1. I forget the term but there is a category of person who is adept at both music and math. Among music theorists it is fairly common to find strong math skills as well. There is apparently something about the patterns found in music that relate to math. I once worked for a technology company that included music composition in the skills for a new chief scientist employee search.

      1. virginiagal2 Avatar

        That’s been my experience as well.

  6. larryg Avatar

    the thing about big data – is there are usually 3 disciplines to do good applications

    1 – you have to be skilled in knowing how to design and handle gobs of data – especially in a real time environment.

    you have to understand how data moves from platforms via the internet.
    data is moving to/from cars that are moving rapidly from one cell tower to another.. thousands of cars – generating data.. at the same time thats gotta get from your car to the cell tower to the internet to your servers and back to those thousand cars in seconds… via whatever cell towers they now are connected to… anywhere on those paths – things can go sideways if you really don’t understand how those things work.

    Our phones these days are sophisticated networked computers..that have more computing power than an IBM mainframe of a few years back.

    2. – you have to understand the business purpose and products that
    are fueled by big data what market are they trying to serve?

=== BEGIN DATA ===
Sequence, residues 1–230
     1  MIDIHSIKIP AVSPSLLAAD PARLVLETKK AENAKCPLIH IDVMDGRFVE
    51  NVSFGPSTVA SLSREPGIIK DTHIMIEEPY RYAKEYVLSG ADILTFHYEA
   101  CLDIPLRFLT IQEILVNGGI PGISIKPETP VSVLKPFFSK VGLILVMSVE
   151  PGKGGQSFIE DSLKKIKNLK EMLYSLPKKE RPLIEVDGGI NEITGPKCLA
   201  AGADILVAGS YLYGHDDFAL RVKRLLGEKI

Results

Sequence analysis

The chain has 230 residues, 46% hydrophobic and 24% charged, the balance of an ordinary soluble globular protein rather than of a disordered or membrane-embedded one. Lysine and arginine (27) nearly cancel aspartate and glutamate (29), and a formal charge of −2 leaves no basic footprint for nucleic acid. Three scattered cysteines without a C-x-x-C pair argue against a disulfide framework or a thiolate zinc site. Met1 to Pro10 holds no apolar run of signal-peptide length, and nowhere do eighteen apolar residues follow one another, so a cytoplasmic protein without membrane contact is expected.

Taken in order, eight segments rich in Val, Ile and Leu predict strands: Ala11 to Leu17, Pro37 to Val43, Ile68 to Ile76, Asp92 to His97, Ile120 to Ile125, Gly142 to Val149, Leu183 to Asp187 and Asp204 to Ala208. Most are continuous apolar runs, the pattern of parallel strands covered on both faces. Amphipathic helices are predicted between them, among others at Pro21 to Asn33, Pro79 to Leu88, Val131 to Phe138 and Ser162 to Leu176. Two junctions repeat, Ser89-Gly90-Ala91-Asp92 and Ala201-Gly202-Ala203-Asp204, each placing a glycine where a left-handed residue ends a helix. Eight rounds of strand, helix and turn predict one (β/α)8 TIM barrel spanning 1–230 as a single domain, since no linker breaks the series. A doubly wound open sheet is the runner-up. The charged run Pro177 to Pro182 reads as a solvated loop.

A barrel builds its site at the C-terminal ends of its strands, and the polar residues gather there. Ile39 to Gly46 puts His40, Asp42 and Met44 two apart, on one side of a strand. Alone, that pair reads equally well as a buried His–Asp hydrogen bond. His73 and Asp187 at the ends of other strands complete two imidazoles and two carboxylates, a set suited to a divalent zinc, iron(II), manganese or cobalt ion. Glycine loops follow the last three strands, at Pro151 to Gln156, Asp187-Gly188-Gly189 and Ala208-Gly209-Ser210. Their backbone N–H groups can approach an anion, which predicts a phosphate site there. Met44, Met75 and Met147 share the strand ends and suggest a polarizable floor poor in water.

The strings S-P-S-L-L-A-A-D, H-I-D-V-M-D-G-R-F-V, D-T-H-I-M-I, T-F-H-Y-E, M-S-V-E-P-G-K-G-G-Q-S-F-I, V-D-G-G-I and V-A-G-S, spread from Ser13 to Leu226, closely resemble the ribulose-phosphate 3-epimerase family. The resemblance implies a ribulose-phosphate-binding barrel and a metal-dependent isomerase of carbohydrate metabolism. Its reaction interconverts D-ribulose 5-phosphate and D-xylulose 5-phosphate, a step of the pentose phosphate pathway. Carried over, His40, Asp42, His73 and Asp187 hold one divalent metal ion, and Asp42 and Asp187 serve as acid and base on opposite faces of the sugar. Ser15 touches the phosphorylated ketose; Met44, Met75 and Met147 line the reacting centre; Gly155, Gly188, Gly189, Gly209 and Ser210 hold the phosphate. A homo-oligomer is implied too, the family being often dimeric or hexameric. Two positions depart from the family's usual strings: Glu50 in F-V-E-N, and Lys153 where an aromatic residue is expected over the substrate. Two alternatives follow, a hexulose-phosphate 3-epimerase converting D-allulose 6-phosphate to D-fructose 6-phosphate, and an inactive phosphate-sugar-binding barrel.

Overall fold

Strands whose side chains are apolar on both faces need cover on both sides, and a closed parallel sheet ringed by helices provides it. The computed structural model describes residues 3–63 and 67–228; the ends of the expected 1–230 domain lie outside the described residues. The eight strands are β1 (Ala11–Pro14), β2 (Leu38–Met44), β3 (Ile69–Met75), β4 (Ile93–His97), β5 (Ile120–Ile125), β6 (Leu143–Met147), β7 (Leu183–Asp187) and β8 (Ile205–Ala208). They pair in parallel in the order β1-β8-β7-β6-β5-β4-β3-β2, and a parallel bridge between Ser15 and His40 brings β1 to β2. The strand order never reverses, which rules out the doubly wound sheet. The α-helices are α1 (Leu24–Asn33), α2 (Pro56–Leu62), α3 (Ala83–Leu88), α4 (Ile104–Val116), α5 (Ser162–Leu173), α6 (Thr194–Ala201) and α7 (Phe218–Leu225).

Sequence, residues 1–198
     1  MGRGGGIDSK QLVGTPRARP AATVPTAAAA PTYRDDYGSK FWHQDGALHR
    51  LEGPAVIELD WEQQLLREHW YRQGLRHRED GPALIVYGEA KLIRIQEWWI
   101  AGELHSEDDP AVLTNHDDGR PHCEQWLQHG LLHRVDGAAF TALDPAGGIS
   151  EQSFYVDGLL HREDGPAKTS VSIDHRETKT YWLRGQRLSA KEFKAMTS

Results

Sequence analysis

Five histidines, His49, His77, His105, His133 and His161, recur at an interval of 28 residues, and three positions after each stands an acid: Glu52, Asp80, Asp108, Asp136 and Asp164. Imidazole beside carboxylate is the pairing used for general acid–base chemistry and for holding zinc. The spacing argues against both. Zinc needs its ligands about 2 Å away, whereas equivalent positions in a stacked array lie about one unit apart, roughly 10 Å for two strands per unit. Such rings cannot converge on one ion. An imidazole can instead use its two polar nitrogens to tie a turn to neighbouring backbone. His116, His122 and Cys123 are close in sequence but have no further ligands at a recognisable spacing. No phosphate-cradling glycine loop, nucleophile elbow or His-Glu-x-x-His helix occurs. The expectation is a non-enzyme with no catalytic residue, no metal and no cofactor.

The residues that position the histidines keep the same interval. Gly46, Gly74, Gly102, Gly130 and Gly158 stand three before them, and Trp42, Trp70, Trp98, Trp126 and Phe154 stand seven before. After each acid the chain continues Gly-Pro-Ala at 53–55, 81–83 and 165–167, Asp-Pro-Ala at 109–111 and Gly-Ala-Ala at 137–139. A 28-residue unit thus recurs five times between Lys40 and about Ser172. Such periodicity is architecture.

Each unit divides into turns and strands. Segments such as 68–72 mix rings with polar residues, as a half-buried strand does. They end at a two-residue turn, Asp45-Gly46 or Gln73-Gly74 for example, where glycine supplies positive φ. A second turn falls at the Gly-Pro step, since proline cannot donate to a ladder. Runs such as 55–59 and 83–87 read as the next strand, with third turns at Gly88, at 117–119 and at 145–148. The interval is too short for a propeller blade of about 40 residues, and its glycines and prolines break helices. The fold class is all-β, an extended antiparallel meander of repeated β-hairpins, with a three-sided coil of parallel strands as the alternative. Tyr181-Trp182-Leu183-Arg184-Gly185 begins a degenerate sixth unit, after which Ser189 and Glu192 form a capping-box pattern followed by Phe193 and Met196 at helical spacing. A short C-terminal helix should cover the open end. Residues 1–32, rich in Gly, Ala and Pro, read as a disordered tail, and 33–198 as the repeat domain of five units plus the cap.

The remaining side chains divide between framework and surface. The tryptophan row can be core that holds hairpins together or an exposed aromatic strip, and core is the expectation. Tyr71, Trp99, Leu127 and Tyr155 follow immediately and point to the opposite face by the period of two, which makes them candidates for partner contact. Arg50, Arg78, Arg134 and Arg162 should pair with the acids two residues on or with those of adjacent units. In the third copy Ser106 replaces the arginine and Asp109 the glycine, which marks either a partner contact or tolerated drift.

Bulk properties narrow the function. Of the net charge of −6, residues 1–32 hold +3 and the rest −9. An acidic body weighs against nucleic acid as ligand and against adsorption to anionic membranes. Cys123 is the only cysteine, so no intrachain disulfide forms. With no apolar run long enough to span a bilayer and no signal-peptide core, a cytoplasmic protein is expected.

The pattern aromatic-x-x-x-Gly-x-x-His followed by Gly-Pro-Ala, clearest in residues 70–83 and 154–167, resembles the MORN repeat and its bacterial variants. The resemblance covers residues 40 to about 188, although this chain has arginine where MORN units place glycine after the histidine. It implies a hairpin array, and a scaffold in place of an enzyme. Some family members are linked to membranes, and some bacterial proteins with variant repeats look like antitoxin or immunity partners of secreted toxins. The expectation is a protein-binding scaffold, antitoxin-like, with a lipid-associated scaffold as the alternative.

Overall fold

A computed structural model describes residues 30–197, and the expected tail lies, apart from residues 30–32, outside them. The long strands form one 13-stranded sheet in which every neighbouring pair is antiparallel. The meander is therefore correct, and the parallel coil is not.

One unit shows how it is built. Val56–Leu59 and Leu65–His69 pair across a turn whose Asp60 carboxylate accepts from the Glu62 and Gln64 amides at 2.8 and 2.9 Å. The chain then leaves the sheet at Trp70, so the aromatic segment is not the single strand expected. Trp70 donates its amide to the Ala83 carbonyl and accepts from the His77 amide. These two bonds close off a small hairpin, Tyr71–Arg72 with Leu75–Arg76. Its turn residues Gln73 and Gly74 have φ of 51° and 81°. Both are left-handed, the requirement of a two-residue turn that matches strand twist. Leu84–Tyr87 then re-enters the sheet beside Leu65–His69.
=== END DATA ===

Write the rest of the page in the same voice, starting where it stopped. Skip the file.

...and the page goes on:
3. – you have to understand how customers/clients/users – use the apps – how the apps are useful and provide value to their need.

    this is a large and complex field with a lot of moving parts that is evolving rapidly and to attract and keep competent employees – you have to be able to monetize the data and information and/or charge for apps and software.

    the more a prospective job seeker understands about all the different technologies involved -the more valuable and in demand they are – …

    in the past – those kinds of multi-discipline jobs were called systems analysts or operational analysts.. etc.. the ability to understand multiple technology disciplines… which requires top notch core academic skills.. in hard-science as wells as communication skills – and the ability to work in teams…

    these are the 21st century jobs – that I worry that our schools and our students are not up to and we’re going to lose them to overseas companies and workers.

    when I look at our K-12 schools these days 1/2 are not bound for 4yr – and they are not even bound for 2yr community college occupation goals.

    and the 4yr folks are more interested in liberal arts and the like rather than hard-science proficiency…

    when you look at AP in most schools – it’s not a pretty sight except in places like Fairfax . We have low AP participation rate in the math/science areas and we have not good pass rates for the math/science APs.

    1. Larry:

      Your points are well taken but the state of the market today would require some level of programming skill as well. One of my goals at my current employer is to make advanced data analytics available to sophisticated business users without the need for computer systems developers. We’ll get there but it’s a tough slog. Dealing with any single dataset is fairly straight forward. However, once you start dealing with multiple datasets the industry’s ability to allow “programmer-less” analysis falls off sharply. Companies like Tableau Software are getting closer and closer but even they aren’t there yet.